“You’ll get a manicure, not a pedicure.”
“That’s not as bad—but I still just want my natural plain nails.”
I mindlessly let him lead me inside.
“She’d like to get a French manicure,” Robert said.
I nervously looked around.
“See honey,” Robert pointing to a bunch of tools that were floating in jars of blue, foamy liquid. “They keep everything clean. They also nuke them in that microwave thing.”
So I got the nails. And after two weeks, I’d had it. I couldn’t type, grip my tennis racquet properly or open soda cans. I was eating dinner at my parents’ house and abruptly proclaimed that I was leaving for the nearest salon to have “those things professionally removed.”
“Right now?” my mom asked.
“Yes, they’ll be open. It shouldn’t be a problem.”
I left my half-eaten steak and all the rest of my food that my dad had made, and fled the premises. They had to come off—NOW.
I rushed into the empty salon in a tizzy and the three Asian workers looked at me as if I was an escape convict trying to find a hiding place. One walked up to the front desk.
“Wha woul you like?”
“Can you take these nails off?”
“Yes, off. I don’t want them anymore.”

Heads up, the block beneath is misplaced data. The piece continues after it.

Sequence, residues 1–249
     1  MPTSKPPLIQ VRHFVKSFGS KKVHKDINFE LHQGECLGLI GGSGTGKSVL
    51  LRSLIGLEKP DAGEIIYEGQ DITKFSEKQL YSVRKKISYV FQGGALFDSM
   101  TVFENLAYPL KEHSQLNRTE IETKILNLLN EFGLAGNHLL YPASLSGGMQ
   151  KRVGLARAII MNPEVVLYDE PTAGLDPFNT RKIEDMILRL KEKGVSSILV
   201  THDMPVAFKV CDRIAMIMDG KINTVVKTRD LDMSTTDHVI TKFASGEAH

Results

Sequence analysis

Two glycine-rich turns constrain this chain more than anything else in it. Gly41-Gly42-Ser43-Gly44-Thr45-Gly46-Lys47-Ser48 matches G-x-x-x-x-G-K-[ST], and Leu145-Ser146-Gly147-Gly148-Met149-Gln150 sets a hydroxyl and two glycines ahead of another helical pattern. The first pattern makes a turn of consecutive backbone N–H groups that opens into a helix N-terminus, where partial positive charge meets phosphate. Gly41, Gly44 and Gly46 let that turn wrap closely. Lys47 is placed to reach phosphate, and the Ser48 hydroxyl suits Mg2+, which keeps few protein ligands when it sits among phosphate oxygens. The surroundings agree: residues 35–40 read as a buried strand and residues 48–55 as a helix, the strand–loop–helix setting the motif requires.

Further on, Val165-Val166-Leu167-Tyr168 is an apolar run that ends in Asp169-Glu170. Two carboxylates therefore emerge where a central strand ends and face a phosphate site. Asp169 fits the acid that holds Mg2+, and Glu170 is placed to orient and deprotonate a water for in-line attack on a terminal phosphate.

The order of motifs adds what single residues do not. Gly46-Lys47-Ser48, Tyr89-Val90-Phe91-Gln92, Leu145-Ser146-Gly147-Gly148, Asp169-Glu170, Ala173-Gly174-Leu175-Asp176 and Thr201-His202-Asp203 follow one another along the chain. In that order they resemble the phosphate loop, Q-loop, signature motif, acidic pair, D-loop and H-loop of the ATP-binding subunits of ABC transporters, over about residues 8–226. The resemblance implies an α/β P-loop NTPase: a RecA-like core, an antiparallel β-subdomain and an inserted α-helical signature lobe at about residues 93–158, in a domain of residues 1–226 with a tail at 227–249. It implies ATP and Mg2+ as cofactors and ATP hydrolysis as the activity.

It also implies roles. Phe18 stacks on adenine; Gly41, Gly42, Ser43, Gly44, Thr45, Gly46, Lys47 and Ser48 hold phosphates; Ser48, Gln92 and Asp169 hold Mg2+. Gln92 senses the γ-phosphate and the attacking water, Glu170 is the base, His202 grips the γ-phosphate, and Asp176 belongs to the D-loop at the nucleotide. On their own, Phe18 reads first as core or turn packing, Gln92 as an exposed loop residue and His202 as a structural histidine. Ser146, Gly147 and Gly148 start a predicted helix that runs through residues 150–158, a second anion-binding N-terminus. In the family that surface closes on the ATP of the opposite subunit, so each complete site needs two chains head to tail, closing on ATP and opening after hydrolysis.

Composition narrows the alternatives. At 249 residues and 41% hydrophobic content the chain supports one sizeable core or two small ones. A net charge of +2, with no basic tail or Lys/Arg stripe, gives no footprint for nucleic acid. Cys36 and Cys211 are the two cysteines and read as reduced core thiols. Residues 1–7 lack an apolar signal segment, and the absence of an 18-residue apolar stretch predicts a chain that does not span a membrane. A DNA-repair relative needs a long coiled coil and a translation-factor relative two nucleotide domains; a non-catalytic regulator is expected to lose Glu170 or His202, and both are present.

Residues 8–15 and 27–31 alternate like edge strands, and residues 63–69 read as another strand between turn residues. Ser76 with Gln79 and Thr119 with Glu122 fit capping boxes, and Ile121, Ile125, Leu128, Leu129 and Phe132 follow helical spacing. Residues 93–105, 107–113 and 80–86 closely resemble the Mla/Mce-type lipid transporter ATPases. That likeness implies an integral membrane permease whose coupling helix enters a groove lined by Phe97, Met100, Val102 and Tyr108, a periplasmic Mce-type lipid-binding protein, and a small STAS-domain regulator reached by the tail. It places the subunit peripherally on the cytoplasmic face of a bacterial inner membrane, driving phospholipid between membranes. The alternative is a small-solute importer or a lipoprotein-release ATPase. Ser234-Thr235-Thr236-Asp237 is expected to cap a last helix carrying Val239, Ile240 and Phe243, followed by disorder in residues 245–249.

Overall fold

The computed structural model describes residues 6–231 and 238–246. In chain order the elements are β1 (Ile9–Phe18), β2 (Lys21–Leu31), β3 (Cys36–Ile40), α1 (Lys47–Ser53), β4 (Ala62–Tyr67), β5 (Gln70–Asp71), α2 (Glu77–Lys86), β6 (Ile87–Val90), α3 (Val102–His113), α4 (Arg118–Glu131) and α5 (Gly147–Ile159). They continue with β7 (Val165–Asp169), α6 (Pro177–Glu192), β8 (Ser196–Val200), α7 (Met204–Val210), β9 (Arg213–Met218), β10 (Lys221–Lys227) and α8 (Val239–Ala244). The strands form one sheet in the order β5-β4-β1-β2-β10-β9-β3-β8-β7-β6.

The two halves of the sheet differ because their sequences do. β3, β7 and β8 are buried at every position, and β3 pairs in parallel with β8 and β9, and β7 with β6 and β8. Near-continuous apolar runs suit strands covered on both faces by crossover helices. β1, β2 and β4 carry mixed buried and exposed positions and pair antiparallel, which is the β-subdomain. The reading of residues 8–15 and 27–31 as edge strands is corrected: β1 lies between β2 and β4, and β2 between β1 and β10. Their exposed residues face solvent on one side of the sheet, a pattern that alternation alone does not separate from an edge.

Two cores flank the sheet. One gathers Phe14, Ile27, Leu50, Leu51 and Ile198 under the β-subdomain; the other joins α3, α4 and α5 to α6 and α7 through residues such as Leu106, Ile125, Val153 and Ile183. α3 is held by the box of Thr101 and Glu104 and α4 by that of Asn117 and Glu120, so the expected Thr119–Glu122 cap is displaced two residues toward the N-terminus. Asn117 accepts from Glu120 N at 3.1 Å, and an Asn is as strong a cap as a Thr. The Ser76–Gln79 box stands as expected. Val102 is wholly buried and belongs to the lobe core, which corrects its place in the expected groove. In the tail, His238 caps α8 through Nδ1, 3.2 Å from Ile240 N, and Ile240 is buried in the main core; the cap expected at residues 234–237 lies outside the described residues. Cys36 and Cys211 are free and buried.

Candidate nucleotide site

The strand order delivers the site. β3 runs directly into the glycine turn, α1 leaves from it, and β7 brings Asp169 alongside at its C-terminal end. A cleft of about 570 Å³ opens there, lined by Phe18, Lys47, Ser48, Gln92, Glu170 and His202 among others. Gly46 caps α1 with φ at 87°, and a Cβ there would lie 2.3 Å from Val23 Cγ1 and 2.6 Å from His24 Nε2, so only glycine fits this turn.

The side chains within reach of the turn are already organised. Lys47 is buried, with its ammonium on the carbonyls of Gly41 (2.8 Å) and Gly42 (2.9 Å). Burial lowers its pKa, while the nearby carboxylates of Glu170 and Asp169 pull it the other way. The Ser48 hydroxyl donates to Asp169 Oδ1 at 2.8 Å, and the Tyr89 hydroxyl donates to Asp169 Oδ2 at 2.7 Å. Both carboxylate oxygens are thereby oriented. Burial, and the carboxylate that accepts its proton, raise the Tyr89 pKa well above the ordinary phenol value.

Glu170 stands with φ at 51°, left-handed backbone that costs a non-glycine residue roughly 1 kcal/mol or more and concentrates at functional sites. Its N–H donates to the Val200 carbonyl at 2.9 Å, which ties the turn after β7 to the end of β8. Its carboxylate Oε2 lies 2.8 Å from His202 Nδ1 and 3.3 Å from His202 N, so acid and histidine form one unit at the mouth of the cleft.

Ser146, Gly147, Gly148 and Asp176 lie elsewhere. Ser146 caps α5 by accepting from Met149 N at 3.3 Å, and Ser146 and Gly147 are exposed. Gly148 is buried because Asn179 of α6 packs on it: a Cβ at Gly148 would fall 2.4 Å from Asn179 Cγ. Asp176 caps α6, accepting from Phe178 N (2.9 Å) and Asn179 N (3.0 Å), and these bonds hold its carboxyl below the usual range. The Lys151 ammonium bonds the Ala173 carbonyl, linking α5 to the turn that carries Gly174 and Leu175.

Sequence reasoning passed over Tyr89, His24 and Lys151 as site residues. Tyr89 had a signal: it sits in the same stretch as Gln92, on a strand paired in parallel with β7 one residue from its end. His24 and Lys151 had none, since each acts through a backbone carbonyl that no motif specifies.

“Okay, sit right here.”
The guy pulled out some pliers and some thin, flat edged metal thing.
“Is this going to hurt??”
He looked up at me, nervously smiled and shrugged.
“Oh my God.”
“We can soak them first; tha might help.”
I sat with my fingers dipped in a bowl of cold solution for 20 minutes—only to have the guy come back and tell me that he had me soak my hands in regular alcohol instead of nail remover solution. I’m dead serious. So I sat for 15 more minutes with my fingers in a different bowl.
The next 30 minutes were agony as he tried to pry the acrylic nails off, sliding a thin piece of plastic between the fake and the real and pushing down towards my cuticle.
“Ooops. I sorry.” The guy had accidentally shoved that thin piece of plastic way under my real nail.
Pardon my French, but after all was done, my nails looked like pure hell—heavily trimmed, thin, and caked with dust-like residue. And one didn’t look quite right—and continued to not look quite right to this day.
“Fungus! Oh my God I have fungus! Robert! I am going to kill you!!!”
I noticed that the yellowish, white circle was expanding further and further to the top of the nail on my left index finger.
Fortunately, when I went to the dermatologist the other day, I found out that it wasn’t fungus but simply separation from the nail from the nail bed, the process of which started when that guy at the nail salon shoved the plastic under my real nail. Although, my derm still wants to monitor because it could lead to the dreaded Fungus.
The bottom line:
-Don’t get acrylic nails
-Don’t cause any trauma to the nail; eg, stub your toe
-Toe stubbing IS a big deal
As I wave my hand, Grendel finger and all, Tata for now…
Two cubicle neighbors with pizzazz and their own personal, but highly similar, set of of innate complexities find refuge in this alley of creative musings. So pull up a chair, join in, as we--artist and writer--share our spin on the world, art, literary pursuits and the seemingly miniscule, daily occurrences that become larger than life.